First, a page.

Captain Kirk–President / CEO of AFB

https://www.podbean.com/media/share/pb-hmveq-d2fd39

As the president and chief executive officer of the American Foundation for the Blind (AFB), Kirk Adams is a longtime champion of people who are blind or visually impaired and is committed to creating a more inclusive, accessible world for the more than 20 million Americans with vision loss.

Randy Cohen jumps into the alphabet soup once again to find out how this AFB is different from NFB (National Federation of the Blind) and ACB (American Council of the Blind). Randy and Kirk talk about research, policy, and creating an app to navigate public bathrooms. What is the novel that they both are reading and love? Gingerbread by Helen Oyeyemi.  For more information visit www.mabvi.org/resources/dangerous-vision/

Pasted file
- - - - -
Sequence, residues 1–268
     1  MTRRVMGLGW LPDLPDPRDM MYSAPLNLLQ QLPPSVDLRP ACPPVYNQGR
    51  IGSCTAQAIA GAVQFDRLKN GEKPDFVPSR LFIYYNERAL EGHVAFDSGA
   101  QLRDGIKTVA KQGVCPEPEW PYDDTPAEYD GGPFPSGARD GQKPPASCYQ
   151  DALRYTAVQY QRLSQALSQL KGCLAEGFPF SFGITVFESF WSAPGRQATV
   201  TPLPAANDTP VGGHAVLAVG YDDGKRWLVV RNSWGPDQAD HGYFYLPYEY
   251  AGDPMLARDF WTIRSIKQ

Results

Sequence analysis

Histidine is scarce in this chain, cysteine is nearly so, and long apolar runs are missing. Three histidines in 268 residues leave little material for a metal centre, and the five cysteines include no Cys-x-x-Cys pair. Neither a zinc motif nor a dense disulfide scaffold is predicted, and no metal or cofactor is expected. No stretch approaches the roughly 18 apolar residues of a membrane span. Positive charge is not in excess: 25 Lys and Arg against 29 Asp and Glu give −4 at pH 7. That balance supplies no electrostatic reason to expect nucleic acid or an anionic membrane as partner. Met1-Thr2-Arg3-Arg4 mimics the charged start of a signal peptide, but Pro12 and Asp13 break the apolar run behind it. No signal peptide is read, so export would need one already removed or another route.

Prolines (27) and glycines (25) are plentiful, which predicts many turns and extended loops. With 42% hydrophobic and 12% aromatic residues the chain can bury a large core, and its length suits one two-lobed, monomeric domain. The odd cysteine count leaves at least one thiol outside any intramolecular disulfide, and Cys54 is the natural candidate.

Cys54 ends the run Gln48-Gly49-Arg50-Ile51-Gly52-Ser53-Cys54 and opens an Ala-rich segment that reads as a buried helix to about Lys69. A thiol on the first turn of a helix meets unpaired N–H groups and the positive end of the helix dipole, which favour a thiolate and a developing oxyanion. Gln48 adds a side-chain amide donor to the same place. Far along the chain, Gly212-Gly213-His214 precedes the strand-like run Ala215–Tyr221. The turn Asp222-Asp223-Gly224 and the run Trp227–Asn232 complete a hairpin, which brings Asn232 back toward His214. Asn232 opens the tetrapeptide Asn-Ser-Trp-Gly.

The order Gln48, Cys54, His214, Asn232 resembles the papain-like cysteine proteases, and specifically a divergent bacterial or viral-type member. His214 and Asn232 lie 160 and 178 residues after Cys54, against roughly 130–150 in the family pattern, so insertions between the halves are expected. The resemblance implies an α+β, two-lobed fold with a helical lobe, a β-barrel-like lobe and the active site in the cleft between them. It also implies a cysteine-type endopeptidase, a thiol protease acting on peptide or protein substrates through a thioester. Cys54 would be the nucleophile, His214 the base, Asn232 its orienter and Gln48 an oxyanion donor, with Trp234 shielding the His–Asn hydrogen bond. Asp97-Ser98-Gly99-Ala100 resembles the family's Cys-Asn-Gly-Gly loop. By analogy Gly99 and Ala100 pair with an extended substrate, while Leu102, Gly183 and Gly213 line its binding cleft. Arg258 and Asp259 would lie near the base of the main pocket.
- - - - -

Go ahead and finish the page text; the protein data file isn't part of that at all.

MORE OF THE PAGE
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About mabvi

Pressing Need The number of seniors with low vision is expected to double by 2030, as the “baby boomers” experience sight loss such as glaucoma, cataracts, diabetic retinopathy and macular degeneration. Low vision makes it difficult to complete activities of daily living, puts elders at increased risk of falls, and complicates health care compliance. There is a pressing need for low vision services today more than ever, to ensure people with vision loss can continue to live the lives they want. Elders are the fastest-growing and most vulnerable population of persons with sight loss. Four of the five major causes of blindness are directly related to the aging process: age related macular degeneration, diabetic retinopathy, glaucoma and cataracts. According to data published by the Commission for the Blind and the National Society for the Prevention of Blindness, there are an estimated 105,000 elders in Massachusetts with serious sight loss who cannot receive state-funded services because they are not “legally blind.” Nevertheless, their vision impairment is serious, and without appropriate intervention, can have a devastating impact on their independence.

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